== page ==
Planting a flower bed with leftovers, or, “Happy wife, happy life”
She said, “I want my yard to look like a landscaper lives here.”
I replied, “It does look like a landscaper lives here. Remember the cobbler’s shoes.”
I plant a lot of flowers every spring. Actually, I plant a lot of truckloads of flowers every spring. This year was rather hectic because I had to plant flowers for all of my clients before our May 14 wedding which was followed by a two week honeymoon trip. When you consider the fact that I can’t really start planting until April 15, it looks like an impossible task. I did it, though-mostly. Before leaving for two weeks, I placed all of my leftover plants in what I call my “hospital” and left instructions with my neighbor, Marilyn, to keep them watered.
There is a flower bed in Dekie’s back yard that is in just the right place, separating the patio area from the rest of the yard. It was ugly, though, and grown over with all manner of iris, daylilies, poison ivy, and all manner of other stuff, including one calla lily plant which is a treasure. We dug out everything but the calla lily and mounded up lots of compost that I get from Mike Hutchins in Menlo, Ga. It looked like this:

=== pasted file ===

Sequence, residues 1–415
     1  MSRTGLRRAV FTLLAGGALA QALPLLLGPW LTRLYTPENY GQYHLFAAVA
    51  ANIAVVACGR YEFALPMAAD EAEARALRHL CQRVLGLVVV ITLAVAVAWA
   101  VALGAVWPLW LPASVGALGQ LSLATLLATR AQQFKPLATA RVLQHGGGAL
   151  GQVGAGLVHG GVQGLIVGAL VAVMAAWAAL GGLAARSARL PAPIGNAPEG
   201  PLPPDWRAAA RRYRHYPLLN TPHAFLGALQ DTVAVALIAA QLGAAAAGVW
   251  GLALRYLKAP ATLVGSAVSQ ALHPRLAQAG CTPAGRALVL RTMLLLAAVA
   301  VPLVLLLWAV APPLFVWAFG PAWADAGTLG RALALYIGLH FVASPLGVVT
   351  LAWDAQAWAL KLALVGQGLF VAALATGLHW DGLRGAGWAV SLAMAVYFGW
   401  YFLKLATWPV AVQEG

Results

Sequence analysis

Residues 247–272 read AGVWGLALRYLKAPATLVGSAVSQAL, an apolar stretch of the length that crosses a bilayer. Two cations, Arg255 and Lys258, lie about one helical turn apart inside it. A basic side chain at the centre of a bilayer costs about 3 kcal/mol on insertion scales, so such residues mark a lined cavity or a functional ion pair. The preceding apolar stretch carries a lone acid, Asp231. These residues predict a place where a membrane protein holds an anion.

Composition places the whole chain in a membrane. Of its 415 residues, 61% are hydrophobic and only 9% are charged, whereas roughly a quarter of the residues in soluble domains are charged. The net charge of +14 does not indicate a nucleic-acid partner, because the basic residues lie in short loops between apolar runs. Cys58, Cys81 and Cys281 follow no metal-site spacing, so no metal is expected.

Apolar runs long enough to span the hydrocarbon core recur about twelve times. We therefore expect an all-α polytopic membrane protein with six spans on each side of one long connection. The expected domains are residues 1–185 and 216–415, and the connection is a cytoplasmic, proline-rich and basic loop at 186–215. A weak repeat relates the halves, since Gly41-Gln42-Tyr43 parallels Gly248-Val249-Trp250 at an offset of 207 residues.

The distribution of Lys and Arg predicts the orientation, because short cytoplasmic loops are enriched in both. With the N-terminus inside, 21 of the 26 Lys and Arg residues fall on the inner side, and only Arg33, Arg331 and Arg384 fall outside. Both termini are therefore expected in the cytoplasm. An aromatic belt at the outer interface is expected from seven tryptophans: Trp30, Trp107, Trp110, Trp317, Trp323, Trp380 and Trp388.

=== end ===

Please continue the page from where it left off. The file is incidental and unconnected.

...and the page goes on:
Re working a flower bed with compost and an eclectic mixed border
The house was probably built during the late 1920s or 30s and has obviously been inhabited by numerous gardeners. Dekie said that when she moved in, she found rocks and bricks everywhere she looked or tried to dig. We decided that we would keep the tradition of the yard and use bricks and rocks that she had found for the borders. I had packed the back of the mini van with flowers and it looked like this:
Leftover plants in the white Dodge mini van
I use the mounded compost for almost every flower bed installation. It is quick, easy, and it “really, really works.” There’s just something about growing in a raised bed that I like. After the compost is piled up, the earthworms go to work, tilling the good dirt way down into the existing ground. I tell people they can stick pencils in this stuff and grow erasers. It is wonderful.